Rail Safety – Oversight Program Description And Delivery - Fiscal Year 2022 to 2023

Table of contents

  1. 1. Overview of the program, operating Context and environment
  2. 2. Considerations and drivers for oversight activities priorities
  3. 3. Oversight delivery in 2022-23
  4. 4. Organizational contact information
  5. Annex A: Definitions

1. Overview of the program, operating Context and environment

The Rail Safety Program helps make sure that the rail companies operating in Canada comply with the Railway Safety Act, and any related regulations and standards. The program meets this goal mostly through inspections and audits. The program also makes sure that companies follow the safety-related parts of the International Bridges and Tunnels Act.

The oversight program promotes and monitors compliance and safety. For 2022-23, the program will:

  • complete:
    • inspections and follow-up visits
    • audits
    • enforcement actions
    • notices and orders
    • site visits after incidents
  • meet with the railways
  • respond to questions and complaints, and
  • review and analyze data

The program uses both planned and reactive oversight activities to monitor the railway industry.

  • Component A are planned inspections of randomly selected sites to confirm compliance with Canadian regulations, and identify potential safety threats
  • Component B are planned inspections that deal with safety and program management issues. Sites are chosen based on risks identified in the business planning phase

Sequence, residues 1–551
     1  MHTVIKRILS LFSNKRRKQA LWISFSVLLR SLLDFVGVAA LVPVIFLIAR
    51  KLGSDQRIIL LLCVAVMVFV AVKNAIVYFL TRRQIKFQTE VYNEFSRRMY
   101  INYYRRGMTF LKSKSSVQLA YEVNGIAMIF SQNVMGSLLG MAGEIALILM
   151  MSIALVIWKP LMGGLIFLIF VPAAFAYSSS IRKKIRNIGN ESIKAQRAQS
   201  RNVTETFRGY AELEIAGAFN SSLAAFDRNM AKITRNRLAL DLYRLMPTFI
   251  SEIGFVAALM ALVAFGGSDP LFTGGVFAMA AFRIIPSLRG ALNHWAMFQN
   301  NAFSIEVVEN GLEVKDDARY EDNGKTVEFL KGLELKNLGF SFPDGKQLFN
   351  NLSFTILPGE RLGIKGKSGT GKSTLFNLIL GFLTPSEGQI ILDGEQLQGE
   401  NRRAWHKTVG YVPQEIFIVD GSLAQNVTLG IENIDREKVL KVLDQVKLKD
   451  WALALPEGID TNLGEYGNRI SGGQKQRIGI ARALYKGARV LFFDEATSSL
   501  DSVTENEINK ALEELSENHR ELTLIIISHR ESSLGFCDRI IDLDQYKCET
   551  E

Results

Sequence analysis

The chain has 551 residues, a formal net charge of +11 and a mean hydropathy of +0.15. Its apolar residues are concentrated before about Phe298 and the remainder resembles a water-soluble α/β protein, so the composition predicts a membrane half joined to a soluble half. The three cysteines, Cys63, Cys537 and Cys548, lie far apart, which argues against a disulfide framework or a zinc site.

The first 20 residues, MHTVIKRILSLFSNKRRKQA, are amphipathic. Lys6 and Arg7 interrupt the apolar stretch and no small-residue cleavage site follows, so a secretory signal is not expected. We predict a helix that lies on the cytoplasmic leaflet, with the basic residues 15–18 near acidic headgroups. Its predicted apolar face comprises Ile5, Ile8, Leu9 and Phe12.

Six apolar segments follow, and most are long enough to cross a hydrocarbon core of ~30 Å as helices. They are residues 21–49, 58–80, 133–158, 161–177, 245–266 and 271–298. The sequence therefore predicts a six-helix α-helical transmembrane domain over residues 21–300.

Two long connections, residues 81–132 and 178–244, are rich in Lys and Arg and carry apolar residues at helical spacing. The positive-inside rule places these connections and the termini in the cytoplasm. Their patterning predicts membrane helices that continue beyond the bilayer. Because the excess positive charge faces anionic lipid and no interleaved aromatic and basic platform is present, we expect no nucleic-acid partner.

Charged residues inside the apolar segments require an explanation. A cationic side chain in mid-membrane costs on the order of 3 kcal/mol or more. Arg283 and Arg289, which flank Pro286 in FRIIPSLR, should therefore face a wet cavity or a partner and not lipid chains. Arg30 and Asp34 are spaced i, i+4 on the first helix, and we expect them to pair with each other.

• Component C are unplanned inspections that focus on emerging issues, or follow-up or opportunity inspections. Opportunity inspections are generally the result of a planned inspection (either Type A or B) to a remote location. While on-site, other inspections can be completed as time allows. Follow-up inspections are done, as needed, to check that issues have been dealt with and corrected

Operating context

The external operating environment is characterized by:

  • The COVID-19 pandemic had a significant impact on Rail Safety's oversight activities in 2021-2022 and will continue to impact the industry in 2022-2023.
  • The multiple exemptions and Ministerial Orders issued in 2021 to address COVID-19 will continue to be effective for at least part of the fiscal year 2022-23.

Rail tonnage outlook for 2022-23

  • In 2022, the overall commodity rail tonnage is expected to be almost flat compared with 2021. In 2022, the rail tonnage of almost every commodity is forecast to continue recovery, but the rail tonnage of crude will decrease and thereby offset the general increase in the rest of the commodities by rail. The forecast plunge in crude-by-rail is due to the Enbridge Line 3 pipeline expansion to the U.S. Midwest, which will absorb up to 760 thousand barrels per day.